Measuring with Murray: Touchscreen technology and preschoolers' STEM learning

Fashina Aladé*, Alexis R. Lauricella, Leanne Beaudoin-Ryan, Ellen Wartella

*Corresponding author for this work

Research output: Contribution to journalArticlepeer-review

117 Scopus citations


American students rank well below international peers in the disciplines of science, technology, engineering, and mathematics (STEM). Early exposure to STEM-related concepts is critical to later academic achievement. Given the rise of tablet-computer use in early childhood education settings, interactive technology might be one particularly fruitful way of supplementing early STEM education. Using a between-subjects experimental design, we sought to determine whether preschoolers could learn a fundamental math concept (i.e., measurement with non-standard units) from educational technology, and whether interactivity is a crucial component of learning from that technology. Participants who either played an interactive tablet-based game or viewed a non-interactive video demonstrated greater transfer of knowledge than those assigned to a control condition. Interestingly, interactivity contributed to better performance on near transfer tasks, while participants in the non-interactive condition performed better on far transfer tasks. Our findings suggest that, while preschool-aged children can learn early STEM skills from educational technology, interactivity may only further support learning in certain contexts.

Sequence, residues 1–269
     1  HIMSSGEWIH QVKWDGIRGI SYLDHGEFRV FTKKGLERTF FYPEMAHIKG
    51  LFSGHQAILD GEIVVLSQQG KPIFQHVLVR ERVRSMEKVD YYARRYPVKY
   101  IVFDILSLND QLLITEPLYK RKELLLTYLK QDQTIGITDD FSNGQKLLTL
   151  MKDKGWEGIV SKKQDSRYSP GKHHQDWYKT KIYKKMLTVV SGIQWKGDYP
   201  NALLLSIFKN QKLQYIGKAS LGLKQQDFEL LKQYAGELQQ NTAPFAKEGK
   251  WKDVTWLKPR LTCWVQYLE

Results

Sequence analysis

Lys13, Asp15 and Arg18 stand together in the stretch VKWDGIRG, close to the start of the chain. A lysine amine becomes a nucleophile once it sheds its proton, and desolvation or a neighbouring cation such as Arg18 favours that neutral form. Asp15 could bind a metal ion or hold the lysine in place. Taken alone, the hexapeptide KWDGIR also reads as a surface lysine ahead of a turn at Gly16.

Original languageEnglish (US)
Pages (from-to)433-441
Number of pages9
JournalComputers in Human Behavior
StatePublished - Sep 1 2016


  • Informal learning
  • Interactivity
  • Preschoolers
  • STEM education
  • Touchscreens

ASJC Scopus subject areas

  • Arts and Humanities (miscellaneous)
  • Human-Computer Interaction
  • Psychology(all)


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